"Scientists, therefore, are used to dealing with doubt and uncertainty. All scientific knowledge is uncertain. This experience with doubt and uncertainty is important." /1
"I believe that it is of very great value, and one that extends beyond the sciences. I believe that to solve any problem that has never been solved before, you have to leave the door to the unknown ajar." /2
"You have to permit the possibility that you do not have it exactly right. Otherwise, if you have made up your mind already, you might not solve it." /3
Read 7 tweets
Sep 16, 2018
Unintentional drowning rate tells an interesting story to me.
It's *almost* completely preventable, in principle...
but are there narratives we can construct from the data?
By age:
- Under 1 yr old are high risk for drowning in bathtubs.
- 1--4 yr olds more likely to drown in swimming pools or lakes/ponds
- Older ppl drowning deaths show a broad distribution of locations.
Breaking out just 1-4 yr old deaths, boys more than twice as likely as girls to die from drowning, and the rates are largely unchanged for drowning 1999-2010.

Over that same period, MVA deaths decreased, likely reflecting public health regulation and education.
Read 5 tweets
Sep 4, 2018
I understand a lot of people don't like George W. Bush for very legitimate reasons (he was deeply flawed & not up to the job most days) ... but you have to admit that he really seemed to have cared about people, individually.
He would have made a fine youth minister, or small business ower, because I believe in his heart, he cared about people he met.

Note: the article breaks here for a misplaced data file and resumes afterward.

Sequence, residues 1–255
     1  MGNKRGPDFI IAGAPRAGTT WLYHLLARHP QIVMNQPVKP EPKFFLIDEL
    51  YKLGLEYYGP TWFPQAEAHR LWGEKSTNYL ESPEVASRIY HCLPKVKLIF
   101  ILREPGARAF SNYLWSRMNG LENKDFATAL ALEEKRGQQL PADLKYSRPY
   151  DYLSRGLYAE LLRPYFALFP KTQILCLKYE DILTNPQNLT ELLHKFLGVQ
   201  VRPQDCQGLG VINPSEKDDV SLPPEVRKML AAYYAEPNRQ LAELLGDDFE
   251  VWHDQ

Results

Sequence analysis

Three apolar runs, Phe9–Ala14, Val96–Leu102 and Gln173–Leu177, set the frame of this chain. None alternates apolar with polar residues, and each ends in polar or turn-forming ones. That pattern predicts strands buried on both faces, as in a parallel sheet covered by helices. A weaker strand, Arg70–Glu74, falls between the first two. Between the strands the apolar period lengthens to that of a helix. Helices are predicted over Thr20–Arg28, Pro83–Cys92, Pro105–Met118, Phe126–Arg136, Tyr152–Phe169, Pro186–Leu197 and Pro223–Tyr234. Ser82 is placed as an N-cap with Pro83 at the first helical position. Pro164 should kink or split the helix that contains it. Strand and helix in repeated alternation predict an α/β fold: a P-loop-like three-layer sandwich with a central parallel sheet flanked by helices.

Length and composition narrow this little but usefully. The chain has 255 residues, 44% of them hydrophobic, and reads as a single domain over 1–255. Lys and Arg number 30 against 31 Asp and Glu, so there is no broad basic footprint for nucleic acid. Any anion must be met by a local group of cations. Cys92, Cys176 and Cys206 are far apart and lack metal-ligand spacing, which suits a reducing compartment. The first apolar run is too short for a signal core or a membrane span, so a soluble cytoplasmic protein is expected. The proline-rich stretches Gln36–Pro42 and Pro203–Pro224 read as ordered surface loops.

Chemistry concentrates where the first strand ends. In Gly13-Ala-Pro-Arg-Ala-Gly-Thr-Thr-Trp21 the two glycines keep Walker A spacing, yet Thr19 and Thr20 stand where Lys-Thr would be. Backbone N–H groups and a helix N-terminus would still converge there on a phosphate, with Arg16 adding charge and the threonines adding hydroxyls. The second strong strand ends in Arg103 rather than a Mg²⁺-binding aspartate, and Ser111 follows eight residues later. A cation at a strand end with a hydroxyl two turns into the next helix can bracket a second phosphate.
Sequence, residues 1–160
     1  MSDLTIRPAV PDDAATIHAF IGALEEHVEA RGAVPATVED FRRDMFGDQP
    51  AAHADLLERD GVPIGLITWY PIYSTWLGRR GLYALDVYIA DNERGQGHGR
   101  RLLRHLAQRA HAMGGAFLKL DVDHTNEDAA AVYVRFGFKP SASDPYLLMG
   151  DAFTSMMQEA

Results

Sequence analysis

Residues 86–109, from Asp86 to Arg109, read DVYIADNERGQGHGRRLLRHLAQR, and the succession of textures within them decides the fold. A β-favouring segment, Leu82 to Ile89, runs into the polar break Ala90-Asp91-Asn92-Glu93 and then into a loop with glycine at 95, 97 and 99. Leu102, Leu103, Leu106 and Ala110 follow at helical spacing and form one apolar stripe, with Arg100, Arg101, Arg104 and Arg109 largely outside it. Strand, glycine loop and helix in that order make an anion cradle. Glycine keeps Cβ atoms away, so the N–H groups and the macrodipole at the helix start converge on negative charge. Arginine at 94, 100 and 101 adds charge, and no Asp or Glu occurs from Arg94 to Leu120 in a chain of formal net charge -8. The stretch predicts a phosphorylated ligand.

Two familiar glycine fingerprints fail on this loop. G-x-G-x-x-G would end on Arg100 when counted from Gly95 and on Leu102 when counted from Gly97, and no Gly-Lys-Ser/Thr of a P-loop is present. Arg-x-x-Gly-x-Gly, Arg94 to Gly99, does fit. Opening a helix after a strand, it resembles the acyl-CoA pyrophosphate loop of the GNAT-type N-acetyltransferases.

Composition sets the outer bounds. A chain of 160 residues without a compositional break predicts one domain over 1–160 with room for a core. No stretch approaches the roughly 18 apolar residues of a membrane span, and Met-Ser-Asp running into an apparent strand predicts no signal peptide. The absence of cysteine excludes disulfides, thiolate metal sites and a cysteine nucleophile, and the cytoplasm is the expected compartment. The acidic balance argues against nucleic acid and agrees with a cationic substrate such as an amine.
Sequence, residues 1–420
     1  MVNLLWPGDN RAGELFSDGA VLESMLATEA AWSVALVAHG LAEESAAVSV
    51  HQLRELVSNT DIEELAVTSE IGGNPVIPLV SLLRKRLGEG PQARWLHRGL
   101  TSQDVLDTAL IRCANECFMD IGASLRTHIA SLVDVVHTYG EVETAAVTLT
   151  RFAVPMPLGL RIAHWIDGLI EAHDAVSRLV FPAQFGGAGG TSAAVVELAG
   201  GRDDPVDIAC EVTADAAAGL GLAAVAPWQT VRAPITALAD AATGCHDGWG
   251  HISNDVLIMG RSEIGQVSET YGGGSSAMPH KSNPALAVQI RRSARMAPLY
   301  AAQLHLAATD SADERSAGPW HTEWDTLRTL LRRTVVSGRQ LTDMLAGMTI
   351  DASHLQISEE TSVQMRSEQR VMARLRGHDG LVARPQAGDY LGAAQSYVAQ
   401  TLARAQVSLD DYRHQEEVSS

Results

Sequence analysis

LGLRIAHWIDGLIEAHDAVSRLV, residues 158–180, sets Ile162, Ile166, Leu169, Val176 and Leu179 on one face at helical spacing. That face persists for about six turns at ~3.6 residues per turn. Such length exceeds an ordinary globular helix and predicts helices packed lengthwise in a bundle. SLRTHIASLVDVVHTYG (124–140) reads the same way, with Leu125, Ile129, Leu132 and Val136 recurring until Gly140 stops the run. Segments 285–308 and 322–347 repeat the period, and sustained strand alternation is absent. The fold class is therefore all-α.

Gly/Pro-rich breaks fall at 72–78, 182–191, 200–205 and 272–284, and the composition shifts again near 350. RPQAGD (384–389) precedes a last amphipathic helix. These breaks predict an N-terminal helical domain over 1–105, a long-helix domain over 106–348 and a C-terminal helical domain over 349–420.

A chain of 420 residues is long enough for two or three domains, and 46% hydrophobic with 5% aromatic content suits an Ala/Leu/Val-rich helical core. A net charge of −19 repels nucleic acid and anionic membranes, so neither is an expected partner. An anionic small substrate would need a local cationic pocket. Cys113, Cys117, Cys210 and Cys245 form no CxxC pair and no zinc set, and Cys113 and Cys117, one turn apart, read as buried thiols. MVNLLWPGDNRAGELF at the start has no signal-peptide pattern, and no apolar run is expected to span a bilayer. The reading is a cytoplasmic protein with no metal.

My wife met him during his years as TX Gov. when she was donating blood, and he spent some time joking with her, thanking her, being kind.
If I'm being critical: he was the Peter Principle, applied to the US Presidency. He was barely an adequate Gov, and he failed his way upwards.

But, again, I think he had heart and compassion, at least for the people he met in person.
Read 4 tweets
Aug 31, 2018
In 1784, a Royal Commission headed by Benjamin Franklin & Antoine Lavoisier designed a series of experiments to debunk France's greatest medical rogue, Anton Mesmer, and his bizarre healing of illnesses based on his bogus theory of animal magnetism.
Let that sink in:
Lavoisier was the father of chemistry.
Franklin did experiments in physics, was an avid inventor.
They took on the fraud that gave us the word "mesmerize".
And the process they developed was the blueprint for every CLINICAL TRIAL of modern times.
Also on the commission that invented the concept of blinded clinical trials, was a Joseph-Ignace Guillotin, whose invention was to become important in French politics.
Read 6 tweets
Aug 18, 2018
Was the Battle of the Alamo fought over slavery?
Yes, but almost trivially.

1833-35: Mexico had a new President, Antonio López de Santa Anna, who suspended the Mexican Constitution, abolished state legislatures, consolidated absolute power in a centralized govt. he controlled.
An end to all Anglo immigration, outlawing of slavery, and the imposition of a series of punitive new taxes (all in response to US offers to purchase Texas) were seen as violations of the settlers autonomy. It would have crippled the economy of the Mexican state of C y Tejas
Santa Anna eventually progressed to dictator of Mexico, until he was overthrown by the Revolution of Ayutla, promising liberal reforms and decentralization, seiged Mexico City.

Santa Anna's palaces (he had several) were seized and redistributed to the people.
Read 4 tweets

Did Thread Reader help you today?

Support us! We are indie developers!

This site is made by just two indie developers on a laptop doing marketing, support and development! Read more about the story.

Become a Premium Member ($3/month or $30/year) and get exclusive features!

Become Premium

Don't want to be a Premium member but still want to support us?

Make a small donation by buying us coffee ($5) or help with server cost ($10)

Donate via Paypal

Or Donate anonymously using crypto!


0xfe58350B80634f60Fa6Dc149a72b4DFbc17D341E copy


3ATGMxNzCUFzxpMCHL5sWSt4DVtS8UqXpi copy

Thank you for your support!

Follow Us on Twitter!